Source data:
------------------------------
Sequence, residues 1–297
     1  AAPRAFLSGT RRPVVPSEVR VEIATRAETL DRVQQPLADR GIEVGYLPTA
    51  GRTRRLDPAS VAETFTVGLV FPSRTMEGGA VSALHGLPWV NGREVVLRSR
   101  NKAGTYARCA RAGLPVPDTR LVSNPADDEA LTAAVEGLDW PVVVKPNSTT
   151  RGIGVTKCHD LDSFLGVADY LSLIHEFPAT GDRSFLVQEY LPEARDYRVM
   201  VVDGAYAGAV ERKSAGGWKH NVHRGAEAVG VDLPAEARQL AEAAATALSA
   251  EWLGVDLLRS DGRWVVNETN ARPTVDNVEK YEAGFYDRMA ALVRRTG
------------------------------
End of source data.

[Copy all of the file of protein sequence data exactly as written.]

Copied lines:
Sequence, residues 1–297
     1  AAPRAFLSGT RRPVVPSEVR VEIATRAETL DRVQQPLADR GIEVGYLPTA
    51  GRTRRLDPAS VAETFTVGLV FPSRTMEGGA VSALHGLPWV NGREVVLRSR
   101  NKAGTYARCA RAGLPVPDTR LVSNPADDEA LTAAVEGLDW PVVVKPNSTT
   151  RGIGVTKCHD LDSFLGVADY LSLIHEFPAT GDRSFLVQEY LPEARDYRVM
   201  VVDGAYAGAV ERKSAGGWKH NVHRGAEAVG VDLPAEARQL AEAAATALSA
   251  EWLGVDLLRS DGRWVVNETN ARPTVDNVEK YEAGFYDRMA ALVRRTG